When the world gets closer.

We help you see farther.

Sign up to our expressly international daily newsletter.

Terror in Europe

Terror In Brussels, 21 World Front Pages

Terror In Brussels, 21 World Front Pages
Worldcrunch

Most of the world's front pages Wednesday are dedicated to the terrorist attacks in Brussels, the day after a series of explosions attacks killed at least 34 and wounded hundreds.

BELGIUM

"The day everyone feared" — De Standaard

[rebelmouse-image 27090052 alt="""" original_size="750x1117" expand=1]

"Right in our heart" — De Tijd

[rebelmouse-image 27090053 alt="""" original_size="926x1200" expand=1]

"Our darkest day" — Het Belang Van Limburg

[rebelmouse-image 27090054 alt="""" original_size="651x959" expand=1]

"Hold strong" — Le Soir

[rebelmouse-image 27090055 alt="""" original_size="687x1024" expand=1]

De Morgen


FRANCE

[rebelmouse-image 27090056 alt="""" original_size="750x932" expand=1]

Libération

"Europe under attack" — Les Echos

[rebelmouse-image 27090057 alt="""" original_size="750x1109" expand=1]

"Terror over the city" — La Dépêche du Midi

[rebelmouse-image 27090058 alt="""" original_size="750x1015" expand=1]

"War in Europe" — Le Parisien


GERMANY

[rebelmouse-image 27090059 alt="""" original_size="625x840" expand=1]

Kleine Zeitung


SWITZERLAND

"Attack in the heart of the EU" — Basler Zeitung



PORTUGAL

"Terror in Brussels" — Publico


ITALY

Il Tempo

"Europe under attack" — Corriere della Sera

"The Brussels kamikazes left free to kill" — Il Fatto Quotidiano


LEBANON

[rebelmouse-image 27090060 alt="""" original_size="750x1080" expand=1]

""EURISIS" capital bleeds" — Al-Akhbar


ARGENTINA

[rebelmouse-image 27090061 alt="""" original_size="750x1040" expand=1]

"ISIS terror strikes again: 34 dead in Brussels" — Clarin


PERU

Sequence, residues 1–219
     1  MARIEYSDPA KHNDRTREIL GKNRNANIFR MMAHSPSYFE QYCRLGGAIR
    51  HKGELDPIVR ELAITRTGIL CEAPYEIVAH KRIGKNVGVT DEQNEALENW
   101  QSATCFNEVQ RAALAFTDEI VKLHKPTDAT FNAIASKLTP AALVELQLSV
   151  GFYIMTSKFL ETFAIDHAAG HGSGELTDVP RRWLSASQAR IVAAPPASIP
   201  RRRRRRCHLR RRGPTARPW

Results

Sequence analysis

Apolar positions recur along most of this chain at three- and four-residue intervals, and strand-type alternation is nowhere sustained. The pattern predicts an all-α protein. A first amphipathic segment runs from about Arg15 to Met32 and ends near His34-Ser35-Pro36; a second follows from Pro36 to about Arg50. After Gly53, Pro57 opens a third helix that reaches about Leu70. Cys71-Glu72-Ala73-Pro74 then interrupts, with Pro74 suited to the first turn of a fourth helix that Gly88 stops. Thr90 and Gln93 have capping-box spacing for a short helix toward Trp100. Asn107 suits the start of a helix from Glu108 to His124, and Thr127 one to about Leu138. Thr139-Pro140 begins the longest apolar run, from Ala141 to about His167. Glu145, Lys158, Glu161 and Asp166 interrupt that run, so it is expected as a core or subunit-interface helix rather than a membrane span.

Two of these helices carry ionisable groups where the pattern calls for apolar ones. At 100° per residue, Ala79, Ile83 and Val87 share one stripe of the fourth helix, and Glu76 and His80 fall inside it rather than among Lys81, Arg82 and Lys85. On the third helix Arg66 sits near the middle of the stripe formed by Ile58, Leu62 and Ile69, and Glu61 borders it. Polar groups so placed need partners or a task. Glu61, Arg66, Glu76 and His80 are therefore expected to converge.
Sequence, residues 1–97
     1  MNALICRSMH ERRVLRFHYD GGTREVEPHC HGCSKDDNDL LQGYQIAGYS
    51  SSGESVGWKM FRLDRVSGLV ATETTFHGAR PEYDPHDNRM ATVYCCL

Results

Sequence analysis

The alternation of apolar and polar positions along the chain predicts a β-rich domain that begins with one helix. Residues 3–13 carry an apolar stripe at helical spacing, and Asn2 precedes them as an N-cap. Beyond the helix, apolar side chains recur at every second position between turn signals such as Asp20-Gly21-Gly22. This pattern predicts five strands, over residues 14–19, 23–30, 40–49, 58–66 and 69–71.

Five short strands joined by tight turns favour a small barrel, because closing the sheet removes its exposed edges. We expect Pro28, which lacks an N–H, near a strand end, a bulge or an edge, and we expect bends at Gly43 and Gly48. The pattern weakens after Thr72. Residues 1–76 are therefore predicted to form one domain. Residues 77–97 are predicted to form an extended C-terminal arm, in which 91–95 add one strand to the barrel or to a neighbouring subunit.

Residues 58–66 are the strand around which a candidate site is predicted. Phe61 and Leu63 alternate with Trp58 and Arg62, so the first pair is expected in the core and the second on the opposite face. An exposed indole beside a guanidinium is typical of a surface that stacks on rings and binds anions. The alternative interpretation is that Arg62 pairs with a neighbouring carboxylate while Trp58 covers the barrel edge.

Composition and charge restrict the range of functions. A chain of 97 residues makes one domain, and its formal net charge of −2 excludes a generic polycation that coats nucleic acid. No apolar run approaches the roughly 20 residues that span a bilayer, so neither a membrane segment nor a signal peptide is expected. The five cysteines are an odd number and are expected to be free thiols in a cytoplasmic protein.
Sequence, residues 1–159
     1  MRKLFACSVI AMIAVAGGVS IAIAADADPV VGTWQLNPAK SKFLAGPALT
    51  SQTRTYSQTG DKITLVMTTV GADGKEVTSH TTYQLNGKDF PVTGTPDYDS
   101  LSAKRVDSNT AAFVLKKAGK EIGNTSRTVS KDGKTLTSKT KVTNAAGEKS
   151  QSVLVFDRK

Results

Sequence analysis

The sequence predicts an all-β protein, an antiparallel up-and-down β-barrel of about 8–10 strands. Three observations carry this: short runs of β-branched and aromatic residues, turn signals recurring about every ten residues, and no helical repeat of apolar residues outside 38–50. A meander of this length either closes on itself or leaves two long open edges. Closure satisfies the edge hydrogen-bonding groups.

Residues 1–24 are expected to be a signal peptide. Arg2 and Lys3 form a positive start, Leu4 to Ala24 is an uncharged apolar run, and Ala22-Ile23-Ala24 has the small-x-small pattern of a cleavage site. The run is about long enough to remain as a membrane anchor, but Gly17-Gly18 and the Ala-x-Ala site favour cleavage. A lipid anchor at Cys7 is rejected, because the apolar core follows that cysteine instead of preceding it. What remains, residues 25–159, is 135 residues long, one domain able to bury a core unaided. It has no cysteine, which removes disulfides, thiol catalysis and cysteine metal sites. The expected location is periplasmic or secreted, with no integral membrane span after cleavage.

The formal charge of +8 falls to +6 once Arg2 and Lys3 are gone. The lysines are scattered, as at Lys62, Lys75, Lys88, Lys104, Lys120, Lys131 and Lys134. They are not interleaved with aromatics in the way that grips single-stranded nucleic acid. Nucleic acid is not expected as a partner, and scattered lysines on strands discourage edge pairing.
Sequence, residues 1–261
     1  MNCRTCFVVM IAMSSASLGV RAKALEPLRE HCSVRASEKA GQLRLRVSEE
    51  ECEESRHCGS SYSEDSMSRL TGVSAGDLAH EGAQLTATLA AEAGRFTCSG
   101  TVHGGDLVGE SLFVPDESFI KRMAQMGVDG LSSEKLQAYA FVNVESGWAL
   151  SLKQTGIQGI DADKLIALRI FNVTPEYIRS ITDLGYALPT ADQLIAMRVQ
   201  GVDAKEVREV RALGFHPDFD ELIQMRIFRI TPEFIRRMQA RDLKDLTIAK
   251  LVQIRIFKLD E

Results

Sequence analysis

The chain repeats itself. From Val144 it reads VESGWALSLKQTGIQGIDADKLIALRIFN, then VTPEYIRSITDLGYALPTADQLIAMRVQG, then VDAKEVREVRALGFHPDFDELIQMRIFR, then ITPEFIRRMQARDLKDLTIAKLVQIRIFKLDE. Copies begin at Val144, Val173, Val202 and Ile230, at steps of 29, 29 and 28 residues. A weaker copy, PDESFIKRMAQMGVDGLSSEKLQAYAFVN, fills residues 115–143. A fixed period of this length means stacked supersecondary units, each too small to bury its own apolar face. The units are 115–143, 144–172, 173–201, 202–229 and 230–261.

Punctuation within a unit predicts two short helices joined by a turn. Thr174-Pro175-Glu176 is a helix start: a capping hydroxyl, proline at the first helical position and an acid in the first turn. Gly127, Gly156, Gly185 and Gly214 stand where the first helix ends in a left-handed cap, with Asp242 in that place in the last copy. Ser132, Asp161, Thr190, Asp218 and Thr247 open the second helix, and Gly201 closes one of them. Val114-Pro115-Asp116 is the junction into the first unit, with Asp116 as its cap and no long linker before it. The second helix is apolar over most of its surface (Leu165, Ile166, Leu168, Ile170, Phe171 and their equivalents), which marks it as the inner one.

[rebelmouse-image 27090062 alt="""" original_size="750x1176" expand=1]

"New blow to Europe" — El Comercio


TURKEY

"Terror in the heart of the EU" — Türkiye


UNITED STATES

[rebelmouse-image 27090063 alt="""" original_size="750x1583" expand=1]

The Seattle Times

[rebelmouse-image 27090064 alt="""" original_size="750x1369" expand=1]

The Boston Globe

You've reached your limit of free articles.

To read the full story, start your free trial today.

Get unlimited access. Cancel anytime.

Exclusive coverage from the world's top sources, in English for the first time.

Insights from the widest range of perspectives, languages and countries.

Society

Gluten-Free In France: Stepping Out Of The Shadows, Heading Upmarket

For those in the haute cuisine world of French food, a no-gluten diet (whether by choice or health requirements) has long been a virtual source of shame. But bakers, chefs and pastry makers are now taking the diet to whole new levels of taste and variety.

photo of a man carrying bread in a field

Entrepreneur Adriano Farano, in Sicily, where his company's wheat is grown

Adriano Farano's Instagram page
David Barroux

PARIS — The "gluten-free" aren’t hiding anymore.

Whether they avoid the grain protein by choice or by obligation — due to taste, allergies or an intolerance — many stick to a diet seen by the outside world as a little bit funny, or perhaps simply just bland.

For some, being gluten-free even came with some amount of self-consciousness: about being that person, the one who announced at the beginning of dinner that they wouldn’t be eating that bread, or that pasta, or that pastry — or about coming across as precious and complicated, or worse, as a killjoy for everyone else’s gustatory pleasure.

For those who feel that it is hard to speak up, it's often easier just to keep the gluten intolerance to themselves and eat only the vegetables at meals, abstaining from bread and dessert to avoid stomach cramps.

But the times, they are a-changin'. Living without gluten used to feel punitive; now it feels more like an option. The number of gluten-free products has exploded, in both quantity and quality, and there’s never been a better time to join the "no-glu" camp.

In supermarkets, bakeries and restaurants, there are increasingly varied alternatives to gluten. And demand is just as high — €1 billion per year in sales in France alone, according to Nielsen. The research consultancy found that 3% of French households were gluten-free in 2019. Now, that number is 4.4%, which is twice as high as the number of “strictly vegetarian” households.

According to market research firm Kantar, the frequency and number of purchases, as well as the average amount spent for gluten-free products, continues to increase — up 6% compared with 2019.

In this context, it’s hardly surprising that gluten-free alternatives are becoming increasingly chic.

Keep reading...Show less

You've reached your limit of free articles.

To read the full story, start your free trial today.

Get unlimited access. Cancel anytime.

Exclusive coverage from the world's top sources, in English for the first time.

Insights from the widest range of perspectives, languages and countries.

The latest